September 13, 2006
In a paper published on the Web today, a group of Princeton computer scientists said they created demonstration vote-stealing software that can be installed within a minute on a common electronic voting machine. The software can fraudulently change vote counts without being detected.
September 11, 2006
The Combustion Institute has awarded its 2006 Alfred Egerton Gold Medal to Chung K. (Ed) Law, Princeton's Robert Goddard Professor of Mechanical and Aerospace Engineering.
September 07, 2006
The freshman class enrolled in Princeton's School of Engineering and Science this fall is the largest in the school's history and comprises a diverse and highly qualified group of students.
August 24, 2006
This month in Monterey Bay, Calif., a fleet of undersea robots is for the first time working together without the aid of humans to make detailed and efficient observations of the ocean.
July 27, 2006
Clusters of students gathered in Princeton's Lewis Thomas Lab on a recent Friday for a trouble-shooting session before heading to their benches for another attempt at something few labs in the world can do: transforming mouse stem cells into muscle cells
July 21, 2006
A series of summer workshops is giving mechanical and aerospace engineering majors a chance to dig into subjects they don't normally see in their regular classes, while having fun with engineering.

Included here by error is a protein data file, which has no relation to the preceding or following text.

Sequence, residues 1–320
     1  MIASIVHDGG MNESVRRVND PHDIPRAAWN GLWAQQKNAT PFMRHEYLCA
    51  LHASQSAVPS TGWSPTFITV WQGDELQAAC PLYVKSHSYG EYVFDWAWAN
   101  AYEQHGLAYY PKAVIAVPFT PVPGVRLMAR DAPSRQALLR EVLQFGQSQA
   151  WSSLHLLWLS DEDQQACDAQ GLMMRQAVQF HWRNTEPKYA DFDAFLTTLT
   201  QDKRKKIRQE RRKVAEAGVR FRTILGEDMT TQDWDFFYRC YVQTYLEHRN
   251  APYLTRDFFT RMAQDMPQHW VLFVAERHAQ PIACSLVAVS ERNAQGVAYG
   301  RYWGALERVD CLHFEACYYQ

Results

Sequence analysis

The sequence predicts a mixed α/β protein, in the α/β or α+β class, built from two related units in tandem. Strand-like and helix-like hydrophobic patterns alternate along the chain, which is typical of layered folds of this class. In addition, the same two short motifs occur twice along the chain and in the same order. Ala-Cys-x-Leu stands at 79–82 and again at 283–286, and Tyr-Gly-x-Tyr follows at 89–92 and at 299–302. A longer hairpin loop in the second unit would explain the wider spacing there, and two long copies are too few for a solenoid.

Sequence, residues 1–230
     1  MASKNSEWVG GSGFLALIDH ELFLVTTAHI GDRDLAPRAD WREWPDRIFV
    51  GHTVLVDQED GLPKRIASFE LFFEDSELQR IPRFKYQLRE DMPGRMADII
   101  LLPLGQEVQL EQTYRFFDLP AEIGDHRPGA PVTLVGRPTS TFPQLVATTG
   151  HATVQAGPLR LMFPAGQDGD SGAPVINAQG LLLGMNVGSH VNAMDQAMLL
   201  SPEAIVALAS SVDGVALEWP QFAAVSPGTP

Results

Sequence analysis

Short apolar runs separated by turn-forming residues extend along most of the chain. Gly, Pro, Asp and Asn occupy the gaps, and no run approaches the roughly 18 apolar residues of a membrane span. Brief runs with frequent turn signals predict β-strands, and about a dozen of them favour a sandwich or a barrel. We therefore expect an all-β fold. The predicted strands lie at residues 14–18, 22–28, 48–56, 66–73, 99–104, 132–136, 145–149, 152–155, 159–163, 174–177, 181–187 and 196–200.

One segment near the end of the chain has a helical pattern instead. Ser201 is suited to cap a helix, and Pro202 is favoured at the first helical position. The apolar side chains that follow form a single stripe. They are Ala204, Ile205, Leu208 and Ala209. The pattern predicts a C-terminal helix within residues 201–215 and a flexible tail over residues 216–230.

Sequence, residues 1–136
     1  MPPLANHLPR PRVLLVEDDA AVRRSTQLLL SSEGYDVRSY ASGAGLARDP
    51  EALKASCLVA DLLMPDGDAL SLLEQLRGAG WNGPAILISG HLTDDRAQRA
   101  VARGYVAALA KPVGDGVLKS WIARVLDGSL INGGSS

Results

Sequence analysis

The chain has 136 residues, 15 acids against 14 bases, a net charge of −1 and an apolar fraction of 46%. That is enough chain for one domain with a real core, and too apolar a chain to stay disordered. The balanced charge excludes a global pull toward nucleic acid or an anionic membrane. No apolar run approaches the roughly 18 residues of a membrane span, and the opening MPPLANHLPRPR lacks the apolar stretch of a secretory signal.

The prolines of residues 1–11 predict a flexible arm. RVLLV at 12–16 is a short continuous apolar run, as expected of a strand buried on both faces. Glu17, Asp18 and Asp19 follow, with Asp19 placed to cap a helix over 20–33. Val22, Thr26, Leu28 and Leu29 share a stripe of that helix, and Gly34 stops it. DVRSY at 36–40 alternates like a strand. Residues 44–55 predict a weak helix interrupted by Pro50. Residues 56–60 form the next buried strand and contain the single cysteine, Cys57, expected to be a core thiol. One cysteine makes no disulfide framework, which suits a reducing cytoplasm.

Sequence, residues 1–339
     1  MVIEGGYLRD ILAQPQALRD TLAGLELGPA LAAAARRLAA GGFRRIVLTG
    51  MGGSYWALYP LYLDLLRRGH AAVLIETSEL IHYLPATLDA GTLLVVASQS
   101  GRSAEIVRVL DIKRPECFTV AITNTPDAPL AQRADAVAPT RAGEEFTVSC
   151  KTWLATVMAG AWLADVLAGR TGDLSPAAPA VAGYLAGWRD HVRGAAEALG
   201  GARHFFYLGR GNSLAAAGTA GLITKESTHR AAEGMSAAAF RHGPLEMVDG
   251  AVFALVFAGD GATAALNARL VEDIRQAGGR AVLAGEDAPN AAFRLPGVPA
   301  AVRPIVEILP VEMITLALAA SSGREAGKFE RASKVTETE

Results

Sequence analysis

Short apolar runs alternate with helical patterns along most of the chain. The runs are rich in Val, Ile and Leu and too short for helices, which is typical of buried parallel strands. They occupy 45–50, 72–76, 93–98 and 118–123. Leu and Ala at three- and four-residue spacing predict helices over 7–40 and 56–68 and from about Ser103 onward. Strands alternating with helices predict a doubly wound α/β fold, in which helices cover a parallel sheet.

July 05, 2006
Graduate students enrolling in Princeton's six engineering departments this fall represent a great diversity of backgrounds and include 27 percent women.
June 22, 2006
In celebration of the 25th anniversary of his course on microprocessors, Michael Littman treated the young and the young at heart to a mini-tutorial in train signal processing at the 2006 Princeton Reunions.
June 21, 2006
The National Science Foundation has funded a multimillion-dollar Engineering Research Center based at Princeton University that is expected to revolutionize sensor technology, yielding devices that have a unique ability to detect minute amounts of chemicals found in the atmosphere, emitted from factories or exhaled in human breath.
June 19, 2006
From the June 5, 2006, Princeton Weekly Bulletin Emily Carter wrestles with a world so tiny that if you were to hold it in your hand you could not feel it or see it. Yet the type of work she does, as a professor of mechanical and aerospace engineering, has the potential for large-scale transformations. “In contrast to traditional mechanical engineering, which tends to focus on the macroscopic world, Emily’s interest is more in the microscopic world, which is a new trend that w